HELLO! I’m Mike, also known as MetMan. In addition to writing about climate change and my experience in meteorology and atmospheric sciences, I am presenting some information on meteorology and climate through my website. I spent nearly 11 years working in DOD meteorology and atmospheric sciences before life events led to a different path in government accounting/finance and database/application development (mostly client server programming and some ASP web). I now enjoy writing about climate and climate change, following and monitoring weather events and issuing weather forecasts (they can be found in my ‘Weather Forecasts’ page) for selected clients, including for members of the Atlanta Braves baseball forum , and watching Atlanta Braves baseball and Penn State and Dallas Cowboys football. I also enjoy local high school football. 
 
Much of the following information can also be seen in much greater detail on ‘Mike’s Meteorology Page’.
 
I am a retired meteorologist, a former NOAA-National Weather Service employee, and a former employee of the DOD’s U.S. Army Atmospheric Sciences Laboratory where I was an associate RDT&E meteorologist at White Sands Missile Range, NM, Poker Flat Research Range, AK, and eventually the Chief Operational and Research Meteorologist at Yuma Proving Ground, AZ. As a NOAA employee, I was a certified NOAA-NWS Weather Radar Operator, Weather Observer, Weather Forecaster, and Climate Data Analyst. I was also a certified DOD weather forecaster specializing in operational, environmental, and ballistic weather forecasting, military meteorology, planetary boundary layer, aeronomy (middle and upper atmospheric research), and meteorological research and project support (RDT&E).
 
I have operational, classroom, and analytical experience in wide array or meteorological functions from taking a simple surface observation to collaborating with peers and evaluating and assimilating atmospheric data for use in technical research papers (gray literature). I have collaborated with other non-DOD scientists on DOD supported research projects and have contributed to the preparation and compilation of official meteorological government technical reports and documentation of official DOD meteorological and atmospheric science projects and missions. I have comprehensive analytical, functional, and operational meteorological skills. I have done meteorological research, operational meteorological project support, various types of weather forecasting, and extensive meteorological data analysis. What really make my experience unique is the actual involvement in all phases of meteorological functions from the setup, calibration, operation, and maintenance of meteorological instruments, applied field experience in surface and upper air observations, and diverse data collection to multiple types of weather forecasting enabling involvement in almost all spacial scales of meteorology; synoptic, mesoscale, and microscale (including boundary layer).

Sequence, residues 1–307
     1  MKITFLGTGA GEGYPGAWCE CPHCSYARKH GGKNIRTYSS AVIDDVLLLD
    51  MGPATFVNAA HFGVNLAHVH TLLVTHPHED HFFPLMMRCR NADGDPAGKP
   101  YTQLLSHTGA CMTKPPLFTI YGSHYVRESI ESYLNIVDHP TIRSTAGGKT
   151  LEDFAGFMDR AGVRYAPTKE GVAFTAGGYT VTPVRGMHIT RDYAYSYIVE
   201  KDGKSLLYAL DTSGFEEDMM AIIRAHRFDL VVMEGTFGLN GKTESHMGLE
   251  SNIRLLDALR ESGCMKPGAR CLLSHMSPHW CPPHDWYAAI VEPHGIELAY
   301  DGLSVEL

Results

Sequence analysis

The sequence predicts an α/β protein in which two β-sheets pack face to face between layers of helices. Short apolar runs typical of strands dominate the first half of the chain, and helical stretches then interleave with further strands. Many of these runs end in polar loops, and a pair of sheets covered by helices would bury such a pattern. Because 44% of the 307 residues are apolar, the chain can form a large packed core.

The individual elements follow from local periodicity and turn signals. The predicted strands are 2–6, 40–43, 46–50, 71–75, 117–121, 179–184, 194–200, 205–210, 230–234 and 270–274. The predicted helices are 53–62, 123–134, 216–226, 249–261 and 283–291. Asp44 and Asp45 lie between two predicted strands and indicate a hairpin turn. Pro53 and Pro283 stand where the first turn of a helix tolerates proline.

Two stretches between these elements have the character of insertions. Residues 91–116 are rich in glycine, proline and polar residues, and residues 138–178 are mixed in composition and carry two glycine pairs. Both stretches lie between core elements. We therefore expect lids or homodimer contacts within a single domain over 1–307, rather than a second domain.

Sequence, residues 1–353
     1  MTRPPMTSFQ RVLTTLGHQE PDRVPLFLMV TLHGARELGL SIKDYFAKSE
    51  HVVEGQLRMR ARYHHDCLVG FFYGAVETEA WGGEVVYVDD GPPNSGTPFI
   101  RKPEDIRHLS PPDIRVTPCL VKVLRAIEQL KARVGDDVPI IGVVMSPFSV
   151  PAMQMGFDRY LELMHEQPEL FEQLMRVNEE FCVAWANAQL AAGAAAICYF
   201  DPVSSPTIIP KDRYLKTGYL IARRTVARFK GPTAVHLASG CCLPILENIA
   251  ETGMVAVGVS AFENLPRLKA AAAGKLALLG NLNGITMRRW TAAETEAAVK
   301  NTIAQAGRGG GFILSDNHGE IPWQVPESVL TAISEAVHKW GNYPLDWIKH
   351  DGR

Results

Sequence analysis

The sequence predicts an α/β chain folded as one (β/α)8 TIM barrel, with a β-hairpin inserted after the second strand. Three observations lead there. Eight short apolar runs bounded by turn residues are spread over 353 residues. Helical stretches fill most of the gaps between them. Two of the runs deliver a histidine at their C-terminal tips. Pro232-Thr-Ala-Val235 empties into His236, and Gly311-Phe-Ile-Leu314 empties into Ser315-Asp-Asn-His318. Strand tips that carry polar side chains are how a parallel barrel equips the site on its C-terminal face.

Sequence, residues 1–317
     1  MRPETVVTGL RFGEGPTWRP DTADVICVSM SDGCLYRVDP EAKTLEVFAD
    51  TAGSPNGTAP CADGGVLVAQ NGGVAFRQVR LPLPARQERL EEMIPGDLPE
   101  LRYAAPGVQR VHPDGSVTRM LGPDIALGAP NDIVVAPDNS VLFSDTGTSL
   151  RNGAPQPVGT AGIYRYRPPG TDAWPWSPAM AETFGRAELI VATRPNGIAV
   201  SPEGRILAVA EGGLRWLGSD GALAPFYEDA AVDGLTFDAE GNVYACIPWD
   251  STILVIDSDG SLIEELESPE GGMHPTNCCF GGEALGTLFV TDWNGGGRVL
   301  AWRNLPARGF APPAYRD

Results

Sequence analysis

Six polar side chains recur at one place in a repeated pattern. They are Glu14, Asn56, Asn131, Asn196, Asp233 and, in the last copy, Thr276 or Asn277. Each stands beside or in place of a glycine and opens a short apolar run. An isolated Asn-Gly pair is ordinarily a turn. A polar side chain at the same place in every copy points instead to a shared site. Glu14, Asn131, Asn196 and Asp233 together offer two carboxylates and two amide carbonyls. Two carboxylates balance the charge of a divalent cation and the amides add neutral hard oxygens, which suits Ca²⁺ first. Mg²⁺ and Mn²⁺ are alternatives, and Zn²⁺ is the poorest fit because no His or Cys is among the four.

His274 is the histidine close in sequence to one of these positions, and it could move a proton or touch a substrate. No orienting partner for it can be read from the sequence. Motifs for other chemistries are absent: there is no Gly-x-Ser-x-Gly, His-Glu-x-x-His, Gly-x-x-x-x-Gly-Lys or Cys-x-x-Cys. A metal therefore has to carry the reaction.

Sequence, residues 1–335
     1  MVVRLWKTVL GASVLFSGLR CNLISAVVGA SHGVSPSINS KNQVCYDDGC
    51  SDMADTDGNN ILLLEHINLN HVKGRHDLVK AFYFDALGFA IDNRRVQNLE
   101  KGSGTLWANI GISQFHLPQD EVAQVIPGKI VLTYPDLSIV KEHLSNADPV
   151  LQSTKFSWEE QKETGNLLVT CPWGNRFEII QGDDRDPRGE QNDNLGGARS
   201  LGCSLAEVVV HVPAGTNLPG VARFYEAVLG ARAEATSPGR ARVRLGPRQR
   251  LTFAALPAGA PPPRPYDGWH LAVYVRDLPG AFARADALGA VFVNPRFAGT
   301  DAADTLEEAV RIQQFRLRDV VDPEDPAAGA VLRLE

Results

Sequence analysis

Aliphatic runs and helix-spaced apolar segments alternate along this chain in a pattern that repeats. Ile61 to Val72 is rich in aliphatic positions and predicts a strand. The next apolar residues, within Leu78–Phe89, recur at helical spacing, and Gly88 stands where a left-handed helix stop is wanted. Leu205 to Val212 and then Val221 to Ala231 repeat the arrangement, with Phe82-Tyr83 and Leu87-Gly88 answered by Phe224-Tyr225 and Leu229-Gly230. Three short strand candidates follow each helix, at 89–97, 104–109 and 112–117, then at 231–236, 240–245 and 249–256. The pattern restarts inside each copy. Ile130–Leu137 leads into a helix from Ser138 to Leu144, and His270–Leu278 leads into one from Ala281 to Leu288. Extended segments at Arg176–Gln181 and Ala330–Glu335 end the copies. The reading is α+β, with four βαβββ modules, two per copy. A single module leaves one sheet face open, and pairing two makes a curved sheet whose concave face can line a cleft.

I have more than a decade work experience in meteorology and atmospheric sciences and nearly 3000 hours of formal classroom instruction with initial educational emphasis on “Applied Meteorology” and subsequently advanced integrated research related “Atmospheric Sciences”. “Applied Meteorology” involves extensive coursework in meteorology, physics, and mathematics, as well as direct experience in applying basic and theoretical concepts to real world situations. DOD Applied Meteorologists apply weather and climate information to the unique problems facing our military forces.
 
I’ve recently been asked by Dr. Karl Svozil, a noted theoretical physicist, to coauthor a paper on climate change. Although I declined for numerous reasons, I was honored to be asked by such an accomplished educator and researcher.
 
I hope you enjoy my page! Please feel free to email me with any questions and comments.
 
Mike


 
Significant Awards:
  • Letter of Commendation, DNA ICECAP Program
  • Letter of Commendation, Air Force Avionics Lab, Project 2004-01-12
  • Superior Performance Quality Pay Increase
  • Letter of Outstanding Performance, U.S. Army Missile Command
  • Plus many other Letters of Appreciation, Special Act, and Performance Awards.
Agencies worked for and/or supported:
  • DOD (Department of Defense), U.S. Army Atmospheric Sciences Laboratory
  • Note: The U.S. Army Atmospheric Sciences Laboratory (ASL) is now part of the Environmental Sciences Division of the U.S. Army Research Laboratory (established October 1992) http://www.arl.army.mil/www/default.cfm?page=188
  • DNA (Defense Nuclear Agency)
  • DOE (Department of Energy)
  • Dept. of Commerce, NOAA (National Oceanic and Atmospheric Administration), National Weather Service (NWS) 
  • DARPA (Defense Advanced Research Projects Agency) http://www.darpa.mil/our_work/
  • UCAR (University Corporation for Atmospheric Research) / NCAR (National Center for Atmospheric Research)